How does ADA appeal to dentists now?
May 21, 2012
By Karen Fox, ADA News staff
One of the best ways for the ADA to grow and thrive as an organization is to keep current members happy with benefits and services.
That’s why retention is so important to membership-building efforts. Overall, the rate of active licensed dentists renewing their membership in the ADA is high, with the number of full dues-paying nonrenews averaging just 3.3 percent over the last five years.
Temporary circumstances are often the cause of a short membership lapse, and many dentists come back after just a year or two. Those returning after absences of 10 years or more have drawn some interest from the Association. To be gone that long, it’s not just a matter of missing dues payments. So the ADA wants to know: How is the organization different? What is it about membership that appeals to you now?
“I think I just got older, and after years of practice it became important to be part of an organization,” said Dr. Diana Zinberg of Huntington Park, Calif., who re-joined the ADA last year after a long absence.
“I think psychologically, I wanted to be a part of an organization,” she said. “Before, I was busy with my practice and busy with family life. I was not thinking in terms of the importance of belonging. And after years of practice, membership is easier to manage financially.”
Dr. Dave Sullivan of Pittsburgh had reasons practical and philosophical to re-join the ADA. The director of the VA Medical Center’s general practice residency program and assistant professor at the University of Pittsburgh School of Dental Medicine let his membership lapse as he transitioned from student to active status. With encouragement from his colleagues in academia, he re-joined the ADA in 2010.
“They said it sets a good example for students to be a member than not being a member,” said Dr. Sullivan, adding: “I think the organization has made some great strides in recent years.”
One change he’s seen is in the way the ADA advances the profession through science and research. Taking a proactive stance in response to stories in the media such as the recent American Cancer Society article associating dental radiographs and brain tumors is something he values. When the story hit the news, the ADA mobilized and distributed an Issues Alert to members via email to help them respond to questions from patients.
“There is a lot more access to scientific material and literature than before, and I believe that the ADA is more organized to respond rapidly to stories in the media with scientific information,” said Dr. Sullivan. “I would have been very surprised had that happened at all years ago.”
The tripartite often plays a role, too. In recent years, Dr. Zinberg began to see how the California Dental Association, in particular, advocated for dentists and the public’s oral health by opposing cuts in the rate of Medicaid reimbursement for dentists.
“The CDA really fights for us, and I felt guilty that I was taking advantage of that benefit without paying for it,” she said. “It feels good to be a part of an organization, especially when it’s an organization that is looking out for our interests.”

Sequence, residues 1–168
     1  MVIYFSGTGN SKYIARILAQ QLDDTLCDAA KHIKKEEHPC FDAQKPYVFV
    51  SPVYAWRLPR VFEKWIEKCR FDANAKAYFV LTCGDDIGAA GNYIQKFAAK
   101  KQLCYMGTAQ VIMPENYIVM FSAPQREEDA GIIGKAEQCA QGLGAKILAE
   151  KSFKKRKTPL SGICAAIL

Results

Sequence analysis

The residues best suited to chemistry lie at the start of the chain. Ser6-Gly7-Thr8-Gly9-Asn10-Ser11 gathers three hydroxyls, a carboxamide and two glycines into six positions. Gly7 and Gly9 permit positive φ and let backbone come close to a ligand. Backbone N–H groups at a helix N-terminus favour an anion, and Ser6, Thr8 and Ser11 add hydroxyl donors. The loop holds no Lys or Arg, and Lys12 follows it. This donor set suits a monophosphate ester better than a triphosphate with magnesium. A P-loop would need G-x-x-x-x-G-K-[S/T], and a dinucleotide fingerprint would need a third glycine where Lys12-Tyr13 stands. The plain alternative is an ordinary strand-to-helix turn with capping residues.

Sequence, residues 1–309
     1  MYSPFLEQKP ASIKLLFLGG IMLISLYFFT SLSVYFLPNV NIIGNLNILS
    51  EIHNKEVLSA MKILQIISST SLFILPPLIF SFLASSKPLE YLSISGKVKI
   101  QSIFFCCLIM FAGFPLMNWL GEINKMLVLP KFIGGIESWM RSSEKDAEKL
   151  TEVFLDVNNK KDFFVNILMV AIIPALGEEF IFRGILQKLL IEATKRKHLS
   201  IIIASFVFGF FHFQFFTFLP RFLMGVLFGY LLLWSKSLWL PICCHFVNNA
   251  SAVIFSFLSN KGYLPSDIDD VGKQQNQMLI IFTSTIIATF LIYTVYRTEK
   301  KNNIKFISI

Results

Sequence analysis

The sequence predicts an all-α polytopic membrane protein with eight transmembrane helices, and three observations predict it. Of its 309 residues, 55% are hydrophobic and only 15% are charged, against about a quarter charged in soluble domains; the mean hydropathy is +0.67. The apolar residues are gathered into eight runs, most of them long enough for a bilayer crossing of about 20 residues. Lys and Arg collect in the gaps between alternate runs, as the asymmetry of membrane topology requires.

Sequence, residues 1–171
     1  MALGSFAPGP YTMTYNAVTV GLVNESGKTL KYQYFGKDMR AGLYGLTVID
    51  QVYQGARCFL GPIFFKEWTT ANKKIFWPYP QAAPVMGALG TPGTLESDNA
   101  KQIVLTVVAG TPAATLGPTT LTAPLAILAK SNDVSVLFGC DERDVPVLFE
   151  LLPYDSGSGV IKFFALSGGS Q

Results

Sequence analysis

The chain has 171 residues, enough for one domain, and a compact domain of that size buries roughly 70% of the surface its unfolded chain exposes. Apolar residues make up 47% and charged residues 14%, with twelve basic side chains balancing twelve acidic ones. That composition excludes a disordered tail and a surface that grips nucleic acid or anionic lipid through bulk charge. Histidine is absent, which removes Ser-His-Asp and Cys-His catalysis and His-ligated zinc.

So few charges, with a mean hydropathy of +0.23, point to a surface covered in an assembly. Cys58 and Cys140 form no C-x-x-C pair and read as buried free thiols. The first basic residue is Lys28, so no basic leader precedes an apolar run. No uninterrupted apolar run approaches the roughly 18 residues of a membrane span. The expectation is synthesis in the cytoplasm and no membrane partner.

As Dr. Zinberg weighed the value of tripartite membership, her daughter was preparing to take the first step in her professional career as a dentist: she was starting school at the Midwestern University College of Dental Medicine in Glendale, Ariz.
“I thought that if I became a member, it would be nice to take her to dental meetings and attend courses together,” said Dr. Zinberg. “I encourage her to be a part of the American Student Dental Association, too. As a young professional, I tell her you need the support of your professional colleagues. When you meet other dentists at local meetings, you don’t feel so isolated.”
In his earlier days in organized dentistry, Dr. Sullivan had an interest in regulatory issues and wanted to see the ADA put more teeth in its efforts to support mobility in the licensure process. He was also a dentist whose early career choices were affected by a high level of student debt. As such, he’d like to see the ADA do more to support students and residents with educational debt in the way of consolidation or lower interest rates on loans.
“I had thought or believed at the time the organization had lost touch with its perspective on benefits and services that it offered young dentists,” said Dr. Sullivan. “Things seemed more geared to dentists who owned their private practices and had been practicing for a while. Membership was expensive for young dentists, too. It was equivalent to a loan payment. I think there was a disconnect between the generations.”
Today, he sees more benefits for new practitioners, such as continuing education programs and new dentists who are playing an important role in activities across the tripartite. “Those are changes that go a long way,” said Dr. Sullivan.
What would he tell someone who has not been a member in a long time about today’s ADA?
“I would say the same thing that my fellow colleagues told me: being part of the group and part of the organization and having a voice is better than no voice at all,” he said. “I think that when there are enough of us, we have a strong voice and we can make changes.”
For more information, visit ADA.org/membercenter, call 1-312-440-2500 or email firstname.lastname@example.org. If you’re interested in applying for membership now, contact your state dental association or visit ADA.org/join and complete the online membership application.